off and cover yourself with a purple blanket, the bar on being
a cult went way, way high,” he says, referring to Marshall
Applewhite and the 39 members of Heaven’s Gate who killed
themselves in order to board a mothership supposedly hidden
behind the Hale-Bopp comet.
assured the person,” he says, “we are pretty boring and orthodox,
in terms of ancient Christian belief.”
It’s true. Theologically, Terra Nova is nothing new; its core
beliefs would appeal to any conservative evangelical. For
all the guitars and the come-as-you-are aesthetic, this is
not a liberal church.
Terra Nova members believe that the Bible is the unerring
truth, the infallible word of God. They believe in original
sin, wine from water, the virgin birth and the resurrection
of Christ. They believe that there is only one God and that
there is only one way to salvation . . . and that there is
a Hell waiting for the unsaved and that a hell of a lot of
people are headed that way. They believe strongly in marriage
between a man and a woman. They believe that homosexuality
is a sin, though they are quick to point out that persecuting
homosexuals is just as much of a sin, and, for that matter,
everyone is a sinner. And they believe that God’s truth is
Where they differ from the traditional evangelical scene is
in their attitude toward popular culture. There is no hint
of the Hell-and-damnation evangelism of Pat Robertson or Jerry
Falwell, or the naiveté of Ned Flanders. These guys are keenly
aware of the wackos and stereotypes, and they are doing their
best to avoid both. They veer all political discussions away
from right vs. left and toward Christ vs. wrong.
a good libertarian,” Marcelle says. “I don’t want to live
in a theocratic American state.”
And although they admit Terra Nova’s core values line up neatly
with Christian conservatives everywhere, the last thing that
they want is to be known for how they stand on divisive political
issues. The politics just get in the way, Marcelle says.
have friends who struggle with the fact that I am a Christian
and I’m nice,” he says. “They have all these negative stereotypes
of what a Christian is supposed to be.”
Stereotypes, he says, that are largely the fault of the institutional
traditional church has created this weird Christian culture,”
he says, “from the pilgrims, who, in a sense, are the real
first runaway anti-missionary Christians. Instead of saying,
‘We want to be normal people and Christians and connect,’
they run away, writing things about how horrible England is,
how sinful, how dark. . . . They run away and they build ‘fortress
church’: Plymouth Massachusetts Bay Colony.”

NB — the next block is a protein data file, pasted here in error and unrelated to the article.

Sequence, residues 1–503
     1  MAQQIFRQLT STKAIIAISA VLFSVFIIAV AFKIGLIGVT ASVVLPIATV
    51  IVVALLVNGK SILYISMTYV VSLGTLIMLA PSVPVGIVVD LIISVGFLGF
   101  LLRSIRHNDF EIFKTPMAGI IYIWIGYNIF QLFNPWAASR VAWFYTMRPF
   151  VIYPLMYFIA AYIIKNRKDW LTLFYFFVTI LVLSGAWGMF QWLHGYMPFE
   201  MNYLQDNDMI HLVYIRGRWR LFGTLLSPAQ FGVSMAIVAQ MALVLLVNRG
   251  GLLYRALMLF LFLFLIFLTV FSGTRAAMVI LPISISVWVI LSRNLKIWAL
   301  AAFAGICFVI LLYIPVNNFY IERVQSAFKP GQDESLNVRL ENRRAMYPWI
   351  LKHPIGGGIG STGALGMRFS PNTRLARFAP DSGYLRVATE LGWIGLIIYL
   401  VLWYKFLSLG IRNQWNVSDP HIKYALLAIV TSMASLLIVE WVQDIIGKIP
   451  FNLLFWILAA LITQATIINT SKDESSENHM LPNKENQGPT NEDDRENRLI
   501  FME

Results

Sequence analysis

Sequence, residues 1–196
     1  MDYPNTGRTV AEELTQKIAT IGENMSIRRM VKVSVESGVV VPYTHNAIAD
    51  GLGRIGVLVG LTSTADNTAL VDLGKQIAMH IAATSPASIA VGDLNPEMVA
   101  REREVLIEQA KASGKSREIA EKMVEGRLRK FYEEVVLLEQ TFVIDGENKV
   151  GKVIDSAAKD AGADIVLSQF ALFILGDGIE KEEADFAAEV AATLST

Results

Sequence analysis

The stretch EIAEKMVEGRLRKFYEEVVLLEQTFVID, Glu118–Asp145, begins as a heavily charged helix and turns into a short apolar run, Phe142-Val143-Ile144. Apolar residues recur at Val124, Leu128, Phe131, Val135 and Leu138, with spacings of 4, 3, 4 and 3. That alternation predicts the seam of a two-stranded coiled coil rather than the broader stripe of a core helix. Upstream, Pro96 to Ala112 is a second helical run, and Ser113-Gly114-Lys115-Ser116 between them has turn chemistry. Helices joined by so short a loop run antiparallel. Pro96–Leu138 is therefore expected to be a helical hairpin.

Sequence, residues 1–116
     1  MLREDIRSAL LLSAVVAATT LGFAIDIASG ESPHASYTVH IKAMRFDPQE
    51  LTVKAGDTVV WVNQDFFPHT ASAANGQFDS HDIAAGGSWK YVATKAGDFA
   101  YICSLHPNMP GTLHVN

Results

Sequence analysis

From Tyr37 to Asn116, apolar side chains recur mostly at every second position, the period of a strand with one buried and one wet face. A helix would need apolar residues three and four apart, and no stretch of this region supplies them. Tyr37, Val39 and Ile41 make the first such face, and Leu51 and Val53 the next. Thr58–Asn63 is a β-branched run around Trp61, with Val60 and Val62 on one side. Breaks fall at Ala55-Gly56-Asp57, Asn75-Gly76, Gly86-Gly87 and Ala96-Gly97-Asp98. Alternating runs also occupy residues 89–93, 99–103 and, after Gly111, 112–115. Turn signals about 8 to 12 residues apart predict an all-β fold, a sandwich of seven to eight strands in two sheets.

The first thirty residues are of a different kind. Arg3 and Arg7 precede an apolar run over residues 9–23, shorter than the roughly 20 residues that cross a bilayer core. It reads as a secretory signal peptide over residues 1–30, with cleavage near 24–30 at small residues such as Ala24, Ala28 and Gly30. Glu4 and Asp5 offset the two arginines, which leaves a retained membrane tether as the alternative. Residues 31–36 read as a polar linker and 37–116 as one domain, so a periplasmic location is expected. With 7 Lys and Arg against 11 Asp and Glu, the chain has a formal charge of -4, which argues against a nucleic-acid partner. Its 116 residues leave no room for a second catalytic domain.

not a church; it’s a bar. They are like, ‘Oh, I can
do a bar.’
put little fishes on their cars. They shop at Christian bookstores.
They go out of their way to build walls between themselves
and the culture. “We’ve made church a paraculture,” says Marcelle.
“We’ve become a subculture.”
Nova belongs to a large and growing movement of churches trying
to break down this barrier by reaching out and relating to
the 18- to 35-year-old crowd. It is a movement of Gen-X pastors
who listen to Radiohead, Matisyahu, Green Day and Death Cab
for Cutie and drop quotes from Fight Club, Marshall
McLuhan and The Matrix. They hold services in bars,
coffee shops, dance clubs and auto-parts stores.
It is a movement in which authenticity is a coveted word.
A quick scan of any of the thousands of blogs, Web sites and
books dedicated to the Gen-X church movement, also known as
the emergent or post-mod movement, shows just how important
a marker for success authenticity is. It can make or break
the reputation of young churches and pastors. Being in touch,
being culturally relevant is vital. Be a member of your own
community, and your community will be your congregation: This
is the equation the guys at Terra Nova are operating upon.
And their message seems to resonate.
traditional church needs a revolution,” says Cathy Blanch,
a 34-year-old musician. “There are so many people who are
desperate for the love of God, and traditional churches aren’t
Blanch is originally from Syracuse, but before moving to Albany
she spent eight years in Seattle. It was there that she attended
one of the fastest growing churches in America, Mars Hill.
Its founding pastor, Mark Driscoll, is a celebrity in the
contemporary church world. Driscoll started his church when
he was 25 years old with 12 people in his living room, and
after 10 years, his congregation has grown to more than 4,500
people, most in their 20s and 30s.
focus on missions in the U.S.,” Blanch says. “This country
is one of the most underserved missions fields. There are
so many people who are lost. They don’t know who Jesus is.
But you can share the Good News anywhere, at a bus stop, at
your workplace, at a coffee shop.”
She still listens to the Driscoll’s sermons, she says, even
though she regularly attends Terra Nova. She just downloads
Driscoll’s podcasts, which are very popular. His sermons are
downloaded more than a million times a year.